ABOUT THE AUTHOR
Andrew began his classroom life as a high-school English teacher in 1988, and has been working in or near schools ever since. In 2008, Andrew began exploring the practical application of psychology and neuroscience in his classroom. In 2011, he earned his M. Ed. from the “Mind, Brain, Education” program at Harvard University. As President of “Translate the Brain,” Andrew now works with teachers, students, administrators, and parents to make learning easier and teaching more effective. He has presented at schools and workshops across the country; he also serves as an adviser to several organizations, including “The People’s Science.” Andrew's Book-- Learning Begins: The Science of Working Memory and Attention for the Classroom Teacher--will be available in March of 2017.
ABOUT THE BLOG
Here’s a headline to get your attention: Action video games decrease gray matter, study finds. The article opens with this alarming sentence: “A new study suggests that playing action video games can be detrimental to the brain, reducing the amount of
This article is the first in an occasional series where I’ll introduce people who will be speaking at an upcoming Learning and the Brain conference. Dr. Sapna Cheryan, Associate Professor of Psychology at the University of Washington, has been
Because working memory is so important for learning, and because human working memory capacity isn’t as large as we wish it were, we would LOVE to be able to increase it. If we could make working memory bigger, then all
Does even a short bout of exercise immediately after learning help form long-term memories? A recent article, published by Cognitive Research: Principles and Implications, suggests intriguing—even surprising—answer to this question. From a different perspective, this article also offers useful insights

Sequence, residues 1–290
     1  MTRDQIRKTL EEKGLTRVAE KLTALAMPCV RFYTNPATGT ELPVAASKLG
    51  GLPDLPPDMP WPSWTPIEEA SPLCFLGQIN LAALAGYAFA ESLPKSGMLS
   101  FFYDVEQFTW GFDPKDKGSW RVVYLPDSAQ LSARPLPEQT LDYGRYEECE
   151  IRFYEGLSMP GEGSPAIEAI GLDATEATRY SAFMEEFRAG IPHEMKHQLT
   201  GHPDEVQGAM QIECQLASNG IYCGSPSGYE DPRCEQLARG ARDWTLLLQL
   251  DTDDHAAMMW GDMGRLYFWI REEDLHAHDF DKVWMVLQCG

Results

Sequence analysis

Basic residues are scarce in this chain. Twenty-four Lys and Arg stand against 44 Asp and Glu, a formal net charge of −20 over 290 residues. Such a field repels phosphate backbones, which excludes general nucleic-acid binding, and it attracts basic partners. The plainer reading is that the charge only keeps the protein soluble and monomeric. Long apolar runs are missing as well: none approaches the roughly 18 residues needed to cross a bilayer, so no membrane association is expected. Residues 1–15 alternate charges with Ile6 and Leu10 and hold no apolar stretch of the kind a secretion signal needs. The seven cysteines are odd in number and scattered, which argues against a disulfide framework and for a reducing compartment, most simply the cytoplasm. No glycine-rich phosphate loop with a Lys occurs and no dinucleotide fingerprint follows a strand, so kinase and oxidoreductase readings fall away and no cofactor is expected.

Why do adolescents learn and remember specific information more easily than younger children? We have, of course, many answers to this question. For instance: working memory increases during childhood, and so adolescents have–on average–greater working memory capacity than younger students.
Here’s a short video covering a long-debated question.
If you’re attending Learning and the Brain’s “Merging Minds and Technology” Conference in November, you’re probably interested in Mona Moisala’s research. After all, Moisala wants to know if media multitasking influences distractibility among 13-24 year olds. That is: does switching from
Does neuroscience education help reduce a teacher’s belief in neuromyths? According to this recent study: not as much as we would like. In some cases, neuroscience education does help teachers. For instance, 59% of the general public falsely believe that
Research findings that support later high-school start times have been more and more common in recent years. (See also here.) And teachers I know are increasingly vocal about letting teens sleep later. And yet, when I talk with high school
Regular readers of this blog know that I’m a skeptic about gender differences in learning. Although they certainly do exist–I think particularly about differences in 3d mental rotation–I often think they’re overstated or overemphasized. At the same time, my emphasis